Peeing-Aisha honoured her promise. But there was one thing in the hut that fascinated her: a colourful poster of Madonna with her sensual mouth and full breasts. Madonna’s image filled the hut with an aura of femininity and with Pig-Head’s silent words which only he could hear. He used to empty the contents of cigarette butts onto a piece of old newspaper, and rolling a joint, he would lean on his elbow smoke and cast lovesick glances at Madonna’s poster. Madonna would become a reality.

When Peeing-Aicha lay on the bed beside him, she scolded him: “Stop doing this! I don’t want to get pregnant. If I have a baby, I swear I’ll throw the damn thing to the dogs.”
Pig-head paid no attention to what she was saying. That was the first and last time she saw the hut, this dark-skinned, filthy girl whose legs joined at the knees before they separated sharply downward, making her walk in a way that resembled the movement of a pendulum. Jamaa l’Fnaa was like the Day of Resurrection: throngs of people, exhaust fumes, the smell of food placed on tables in an attractive fashion, voices shouting, fragments of incongruous sentences, strange stories, and obscure fatwas – all this had slipped through Pig-Head’s fingers like grains of sand. He stopped going to Jamaa l’Fnaa for days on end, and only God knew how he managed to feed himself. Everybody abandoned him; in fact they forgot about him altogether. It was as if he had never lived amongst them giving orders and instructions and settling the quarrels that flared up between these small people who were growing up between the cracks like black lilies. Even Peeing-Aicha became like them.

“But my mother left my father and eloped with her lover.” Pig-head said.
Peeing-Aicha was stricken with grief, but Pig-head’s weakness and her fear of Roubio stopped her from taking any action. While the hungry children aimed their entreating gazes at the food on the tables in the hope that some of it would come their way, Peeing-Aicha observed her friend sitting on the pavement near the bakery totally exhausted, his chin resting on his knees, his face pale and emaciated; she sneaked away behind the kiosk and whispered: “Psss! Psss!”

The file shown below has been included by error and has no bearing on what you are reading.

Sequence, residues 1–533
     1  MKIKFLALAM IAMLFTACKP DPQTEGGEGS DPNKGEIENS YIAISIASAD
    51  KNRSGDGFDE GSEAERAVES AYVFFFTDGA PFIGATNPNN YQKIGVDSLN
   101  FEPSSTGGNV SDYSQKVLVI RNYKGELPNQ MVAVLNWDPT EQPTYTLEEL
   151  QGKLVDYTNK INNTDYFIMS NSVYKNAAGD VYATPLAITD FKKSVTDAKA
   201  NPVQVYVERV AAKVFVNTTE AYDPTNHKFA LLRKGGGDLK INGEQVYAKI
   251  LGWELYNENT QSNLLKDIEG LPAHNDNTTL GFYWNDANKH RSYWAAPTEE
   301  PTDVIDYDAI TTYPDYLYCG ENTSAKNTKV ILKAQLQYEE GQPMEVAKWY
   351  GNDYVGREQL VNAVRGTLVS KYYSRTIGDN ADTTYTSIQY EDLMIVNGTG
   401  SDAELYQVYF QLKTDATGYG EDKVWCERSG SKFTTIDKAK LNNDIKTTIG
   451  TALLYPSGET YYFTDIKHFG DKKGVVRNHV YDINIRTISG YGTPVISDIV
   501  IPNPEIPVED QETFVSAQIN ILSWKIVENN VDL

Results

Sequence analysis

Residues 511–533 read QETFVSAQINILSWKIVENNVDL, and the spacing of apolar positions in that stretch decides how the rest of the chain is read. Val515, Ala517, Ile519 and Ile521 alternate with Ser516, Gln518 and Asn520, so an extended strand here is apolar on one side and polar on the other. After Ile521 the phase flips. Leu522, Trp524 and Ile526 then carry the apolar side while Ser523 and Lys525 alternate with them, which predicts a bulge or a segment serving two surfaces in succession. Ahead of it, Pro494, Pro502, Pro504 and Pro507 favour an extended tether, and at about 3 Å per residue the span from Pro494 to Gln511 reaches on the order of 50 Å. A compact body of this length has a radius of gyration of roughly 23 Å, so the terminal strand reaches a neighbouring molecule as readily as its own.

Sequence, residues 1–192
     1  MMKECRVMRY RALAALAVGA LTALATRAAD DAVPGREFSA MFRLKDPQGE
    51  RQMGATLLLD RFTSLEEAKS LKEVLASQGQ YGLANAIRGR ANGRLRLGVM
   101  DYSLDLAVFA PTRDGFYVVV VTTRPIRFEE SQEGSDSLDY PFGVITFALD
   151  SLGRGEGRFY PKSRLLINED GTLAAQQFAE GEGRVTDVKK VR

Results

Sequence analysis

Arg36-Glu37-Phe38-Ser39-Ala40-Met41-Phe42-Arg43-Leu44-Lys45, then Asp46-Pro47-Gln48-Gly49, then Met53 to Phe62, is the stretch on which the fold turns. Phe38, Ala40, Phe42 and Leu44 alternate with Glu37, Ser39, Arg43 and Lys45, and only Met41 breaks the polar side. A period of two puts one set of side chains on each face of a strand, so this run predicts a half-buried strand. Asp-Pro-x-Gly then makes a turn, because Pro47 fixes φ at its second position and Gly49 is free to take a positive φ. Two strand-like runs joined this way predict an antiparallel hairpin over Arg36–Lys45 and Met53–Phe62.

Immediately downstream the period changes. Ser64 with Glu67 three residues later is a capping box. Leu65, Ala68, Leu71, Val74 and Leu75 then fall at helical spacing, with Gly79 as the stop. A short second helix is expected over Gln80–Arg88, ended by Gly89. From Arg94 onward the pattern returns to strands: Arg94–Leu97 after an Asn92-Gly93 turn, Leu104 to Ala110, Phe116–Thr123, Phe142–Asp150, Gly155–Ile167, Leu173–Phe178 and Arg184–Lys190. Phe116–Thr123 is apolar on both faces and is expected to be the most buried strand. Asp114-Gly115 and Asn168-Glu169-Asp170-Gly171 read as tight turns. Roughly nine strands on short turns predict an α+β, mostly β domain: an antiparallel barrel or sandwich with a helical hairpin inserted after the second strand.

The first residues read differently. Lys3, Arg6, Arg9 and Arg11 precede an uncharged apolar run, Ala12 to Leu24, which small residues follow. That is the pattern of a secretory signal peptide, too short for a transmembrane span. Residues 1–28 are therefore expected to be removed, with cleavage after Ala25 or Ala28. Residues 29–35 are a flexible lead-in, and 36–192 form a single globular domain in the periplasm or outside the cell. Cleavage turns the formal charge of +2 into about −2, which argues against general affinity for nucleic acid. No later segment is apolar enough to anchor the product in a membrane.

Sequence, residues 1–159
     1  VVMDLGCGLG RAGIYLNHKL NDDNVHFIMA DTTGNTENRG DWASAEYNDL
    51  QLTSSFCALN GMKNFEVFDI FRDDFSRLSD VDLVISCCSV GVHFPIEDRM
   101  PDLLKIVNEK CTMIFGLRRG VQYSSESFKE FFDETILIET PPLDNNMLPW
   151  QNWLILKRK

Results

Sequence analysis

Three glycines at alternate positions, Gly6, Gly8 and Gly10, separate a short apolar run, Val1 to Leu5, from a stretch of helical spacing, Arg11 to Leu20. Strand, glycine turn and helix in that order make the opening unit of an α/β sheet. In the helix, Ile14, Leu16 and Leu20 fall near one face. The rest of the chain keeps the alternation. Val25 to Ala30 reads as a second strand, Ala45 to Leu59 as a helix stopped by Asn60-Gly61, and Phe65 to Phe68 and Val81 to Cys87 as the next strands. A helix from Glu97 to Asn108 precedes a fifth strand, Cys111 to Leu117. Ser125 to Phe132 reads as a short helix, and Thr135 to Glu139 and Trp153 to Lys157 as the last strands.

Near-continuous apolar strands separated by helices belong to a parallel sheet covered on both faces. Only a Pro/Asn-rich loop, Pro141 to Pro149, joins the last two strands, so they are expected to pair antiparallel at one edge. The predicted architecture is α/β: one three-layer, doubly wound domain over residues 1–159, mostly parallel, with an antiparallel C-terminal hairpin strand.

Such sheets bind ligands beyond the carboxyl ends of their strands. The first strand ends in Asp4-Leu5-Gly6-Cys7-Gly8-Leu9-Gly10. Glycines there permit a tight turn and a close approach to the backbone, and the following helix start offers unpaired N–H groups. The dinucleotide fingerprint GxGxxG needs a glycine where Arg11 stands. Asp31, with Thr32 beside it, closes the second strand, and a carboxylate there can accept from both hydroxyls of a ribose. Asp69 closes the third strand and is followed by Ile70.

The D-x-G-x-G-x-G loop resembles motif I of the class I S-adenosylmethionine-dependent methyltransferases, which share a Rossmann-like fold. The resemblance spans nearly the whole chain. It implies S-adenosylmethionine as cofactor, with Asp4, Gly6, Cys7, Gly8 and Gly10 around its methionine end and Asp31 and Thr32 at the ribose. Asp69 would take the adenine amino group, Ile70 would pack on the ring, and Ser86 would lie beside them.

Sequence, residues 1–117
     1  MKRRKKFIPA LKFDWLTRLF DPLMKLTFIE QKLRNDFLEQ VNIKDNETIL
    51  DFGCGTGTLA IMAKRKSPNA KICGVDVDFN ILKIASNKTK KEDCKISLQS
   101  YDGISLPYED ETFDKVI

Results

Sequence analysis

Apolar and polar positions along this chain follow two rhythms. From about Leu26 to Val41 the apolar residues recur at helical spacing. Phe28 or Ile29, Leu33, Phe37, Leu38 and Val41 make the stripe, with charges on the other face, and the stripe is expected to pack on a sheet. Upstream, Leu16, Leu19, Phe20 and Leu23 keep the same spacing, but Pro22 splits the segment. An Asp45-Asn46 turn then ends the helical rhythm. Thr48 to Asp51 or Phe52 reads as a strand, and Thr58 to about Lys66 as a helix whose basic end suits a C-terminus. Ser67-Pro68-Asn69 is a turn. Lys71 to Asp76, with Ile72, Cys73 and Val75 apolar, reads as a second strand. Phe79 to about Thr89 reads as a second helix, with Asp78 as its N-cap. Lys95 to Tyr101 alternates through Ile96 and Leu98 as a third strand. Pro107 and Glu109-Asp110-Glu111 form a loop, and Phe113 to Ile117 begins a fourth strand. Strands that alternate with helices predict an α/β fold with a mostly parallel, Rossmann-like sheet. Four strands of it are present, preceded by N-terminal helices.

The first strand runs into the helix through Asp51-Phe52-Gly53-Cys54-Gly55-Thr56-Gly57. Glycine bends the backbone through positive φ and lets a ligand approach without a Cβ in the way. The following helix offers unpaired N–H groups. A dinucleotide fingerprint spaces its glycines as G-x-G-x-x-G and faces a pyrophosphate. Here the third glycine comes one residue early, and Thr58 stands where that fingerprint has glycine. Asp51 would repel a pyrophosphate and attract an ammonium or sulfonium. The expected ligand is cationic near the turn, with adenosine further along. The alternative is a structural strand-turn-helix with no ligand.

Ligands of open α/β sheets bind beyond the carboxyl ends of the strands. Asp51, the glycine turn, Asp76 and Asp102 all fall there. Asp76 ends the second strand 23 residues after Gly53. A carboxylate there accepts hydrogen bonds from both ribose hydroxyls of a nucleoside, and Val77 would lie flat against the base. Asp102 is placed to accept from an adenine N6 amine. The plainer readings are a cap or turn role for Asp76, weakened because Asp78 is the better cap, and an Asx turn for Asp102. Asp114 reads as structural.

The sick boy turned around and slowly walked towards her. He leaned on her shoulder. They had to walk a long way before they got to the hut; and by the time they arrived, it was already dark. To their surprise, they found the door wide open. Overcome with fear, Peeing-Aicha imagined that Thabit – this huge beast that people said had appeared again in Morocco – would attack them. She and her friends had heard so much about this beast when they were stood around the big fire. She imagined it to be a bull with an ugly human head. It would sit quietly but when a sound rang in its ears and a red cloth with black stars appeared before it the bull would go charging forward like a huge sea wave and tear the insides and limbs of women to pieces. Her fear grew worse when she heard a rustle inside that made her recoil in horror, but when she saw in the darkness a cat running out of the hut, she calmed down. She was about to enter when she saw Pig-Head sprawled on the ground outside, throwing up the entire contents of his stomach until all he had left to spew up were his intestines. Stricken with grief and fear, she pulled him inside and laid him on the floor. Lying beside him she put his hand on her body, and from time to time felt his burning forehead. Only when daylight flooded into the hut did she realise she had been sound asleep. She removed the cold, limp hand that was lying across her body, and left the hut in tears.

“Black Lilies” was translated by Ali Azeriah from the author’s short story collection Sallat el-Inab [A Basket of Grapes], published in the bi-monthly Ibdaa’at Shira’ series, Issue 7, January-February 1999.